Just recently I’ve found myself immersed in a whole new world of reading, mainly about Pop music and its  extremely interesting history, little quirks, stories, hidden gems of anecdotes and other fascinating facts that continue to surprise me.   I’ve always had an interest in Pop music, but since ‘becoming’ a musician, I’ve been guilty of really ignoring the world of Pop (mainly the manufactured ‘throwaway’ type stuff) and focussing on more ‘serious’ (I hate that term) music.   However, of late I’ve managed to have an open mind and listen to the ‘work’ of Pop acts that are more mainstream and mass marketed than I normally would, the catalogue of sensations like Rihanna, Katy Perry and others. .

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This new found interest really sparked from reading Bob Stanley’s outstanding and extremely well researched encyclopaedia of Pop history, “Yeah, Yeah, Yeah – The Story of Modern Pop”, which takes you through the last fifty years of Pop history fleeting back and forth over the Atlantic to give an excellent perspective on the time and place of these wonderful records.    Personally, it was the short anecdotes and pockets of insider knowledge that I loved; the fact that Marvin Gaye played on Little Stevie Wonder’s first single, or the fact that  ‘House’ music was simply named after a club in Chicago called ‘The Warehouse’.   The whole thing was fascinating and I can’t recommend it enough.  I even attended his talk during the Aye Right Festival and I’ve even made a handy playlist of all the tracks that are mentioned.

During my reading of this book, my wife mentioned that she had heard Stuart Maconie on BBC Radio Scotland talking about a book called “The People’s Songs – The Story of Modern Britain in 50 Records” and that he was in fact planning a talk about this book in the Stirling Tolbooth that very week.    I quickly booked my ticket and attended.   It was wonderful and gave an insight into Great Britain through fifty songs that clearly indicate what is going on at the time through the music, there was also a radio show that was aired alongside the publication of the book, but the talk was informative, funny, and full of those little anecdotes that I loved from Bob Stanley’s book.   Again, I’d recommend this to anyone interested in music of any genre in the last seven decades; from Vera Lynn’s “We’ll Meet Again”, to Dizzee Rascal’s “Bonkers”.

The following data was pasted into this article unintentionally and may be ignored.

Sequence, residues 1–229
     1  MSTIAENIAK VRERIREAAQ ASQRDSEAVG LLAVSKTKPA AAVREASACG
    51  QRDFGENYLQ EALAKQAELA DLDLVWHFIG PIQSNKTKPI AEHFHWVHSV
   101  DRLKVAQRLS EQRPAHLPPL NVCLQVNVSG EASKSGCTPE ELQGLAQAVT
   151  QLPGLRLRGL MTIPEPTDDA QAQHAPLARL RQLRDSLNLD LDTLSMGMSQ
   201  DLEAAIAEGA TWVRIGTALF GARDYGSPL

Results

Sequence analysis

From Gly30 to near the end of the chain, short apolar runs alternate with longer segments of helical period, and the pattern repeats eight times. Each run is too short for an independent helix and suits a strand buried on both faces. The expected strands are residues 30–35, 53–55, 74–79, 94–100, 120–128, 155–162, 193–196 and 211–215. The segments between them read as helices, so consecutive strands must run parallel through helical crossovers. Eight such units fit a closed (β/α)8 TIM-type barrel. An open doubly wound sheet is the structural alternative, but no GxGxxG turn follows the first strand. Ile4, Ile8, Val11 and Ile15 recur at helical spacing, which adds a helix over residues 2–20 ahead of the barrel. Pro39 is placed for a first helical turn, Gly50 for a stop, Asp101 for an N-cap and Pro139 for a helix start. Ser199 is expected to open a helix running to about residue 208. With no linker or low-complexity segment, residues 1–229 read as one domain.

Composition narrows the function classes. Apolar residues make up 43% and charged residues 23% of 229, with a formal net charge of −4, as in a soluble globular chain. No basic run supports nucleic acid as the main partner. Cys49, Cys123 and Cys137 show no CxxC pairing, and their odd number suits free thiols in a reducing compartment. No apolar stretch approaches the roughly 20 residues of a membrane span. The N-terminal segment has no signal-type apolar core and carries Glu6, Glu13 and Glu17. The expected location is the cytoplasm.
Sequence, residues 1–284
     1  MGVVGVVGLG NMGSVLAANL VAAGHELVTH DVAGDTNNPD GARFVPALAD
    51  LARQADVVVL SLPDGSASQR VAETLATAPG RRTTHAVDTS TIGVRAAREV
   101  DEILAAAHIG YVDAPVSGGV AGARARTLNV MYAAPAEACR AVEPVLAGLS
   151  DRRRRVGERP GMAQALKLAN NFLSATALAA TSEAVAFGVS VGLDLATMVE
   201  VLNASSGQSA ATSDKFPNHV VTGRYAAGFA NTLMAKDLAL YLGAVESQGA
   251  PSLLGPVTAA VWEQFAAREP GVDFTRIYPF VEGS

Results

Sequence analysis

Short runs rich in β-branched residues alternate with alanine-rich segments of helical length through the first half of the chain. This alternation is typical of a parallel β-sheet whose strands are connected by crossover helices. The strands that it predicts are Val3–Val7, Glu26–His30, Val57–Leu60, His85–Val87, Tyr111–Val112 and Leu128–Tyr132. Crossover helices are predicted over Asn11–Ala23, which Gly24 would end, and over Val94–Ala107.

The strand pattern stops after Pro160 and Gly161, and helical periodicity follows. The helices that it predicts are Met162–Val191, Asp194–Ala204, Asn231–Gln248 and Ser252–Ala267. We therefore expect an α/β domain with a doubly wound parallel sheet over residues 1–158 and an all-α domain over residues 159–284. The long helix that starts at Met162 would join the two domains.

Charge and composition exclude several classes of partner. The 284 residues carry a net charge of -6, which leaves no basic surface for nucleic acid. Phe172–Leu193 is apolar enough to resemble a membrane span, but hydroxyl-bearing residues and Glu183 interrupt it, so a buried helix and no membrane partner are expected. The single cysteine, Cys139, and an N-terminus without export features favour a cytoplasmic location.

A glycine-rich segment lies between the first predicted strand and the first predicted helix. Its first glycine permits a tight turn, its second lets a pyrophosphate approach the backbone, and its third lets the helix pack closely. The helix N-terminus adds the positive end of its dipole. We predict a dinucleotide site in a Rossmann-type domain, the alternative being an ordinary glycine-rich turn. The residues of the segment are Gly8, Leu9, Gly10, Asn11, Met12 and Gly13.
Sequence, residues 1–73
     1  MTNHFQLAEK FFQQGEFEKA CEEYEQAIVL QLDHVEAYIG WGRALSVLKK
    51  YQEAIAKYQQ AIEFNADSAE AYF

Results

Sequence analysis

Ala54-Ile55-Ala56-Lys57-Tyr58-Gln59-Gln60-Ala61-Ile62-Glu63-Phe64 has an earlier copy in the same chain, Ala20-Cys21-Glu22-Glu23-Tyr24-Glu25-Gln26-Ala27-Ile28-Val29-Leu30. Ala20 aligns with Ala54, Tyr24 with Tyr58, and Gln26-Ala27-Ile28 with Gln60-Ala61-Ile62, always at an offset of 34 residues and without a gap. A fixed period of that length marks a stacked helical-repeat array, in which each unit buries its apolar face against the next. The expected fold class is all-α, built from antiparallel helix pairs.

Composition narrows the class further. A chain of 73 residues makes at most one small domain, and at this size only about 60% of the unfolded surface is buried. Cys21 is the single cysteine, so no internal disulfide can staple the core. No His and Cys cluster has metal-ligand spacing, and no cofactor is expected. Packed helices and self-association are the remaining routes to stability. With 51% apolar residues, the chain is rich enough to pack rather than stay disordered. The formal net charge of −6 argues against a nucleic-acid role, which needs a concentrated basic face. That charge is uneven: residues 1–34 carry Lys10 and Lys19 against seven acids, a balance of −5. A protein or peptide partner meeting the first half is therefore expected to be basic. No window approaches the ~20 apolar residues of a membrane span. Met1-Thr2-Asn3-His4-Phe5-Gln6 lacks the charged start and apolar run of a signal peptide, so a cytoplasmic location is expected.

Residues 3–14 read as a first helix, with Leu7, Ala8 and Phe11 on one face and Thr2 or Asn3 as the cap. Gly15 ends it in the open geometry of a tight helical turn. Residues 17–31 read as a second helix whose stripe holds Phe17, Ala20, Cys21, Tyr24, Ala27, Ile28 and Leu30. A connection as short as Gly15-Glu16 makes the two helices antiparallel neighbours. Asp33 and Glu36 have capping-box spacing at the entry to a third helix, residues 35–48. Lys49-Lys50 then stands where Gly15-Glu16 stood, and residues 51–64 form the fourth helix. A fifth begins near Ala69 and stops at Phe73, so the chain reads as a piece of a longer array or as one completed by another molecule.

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Both these books coincided with my wife’s birthday, and my choice this year was to buy her a turntable.    After managing to track one down on ebay for £6.00, we raided our parents vinyl collection and have began to enjoy music on a different level.    Listening to music on a turntable (especially when you have never had one at home) focusses you on what you are listening to, and encourages you to stay in the room and listen to the music rather that attending to the washing, ironing, and other household tasks.    We now choose a record and sit quietly whilst one of us examines the sleeve notes and artwork.   It could be a novelty that will quickly wear off, almost as quick as one side of an LP, but I hope it doesn’t.

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I am still fully enthusiastic about Spotify and I love the idea of the entire volume of music available at my fingertips at any given time (3G permitting), but there is something I can’t quite put my finger on when it comes to listening, really listening.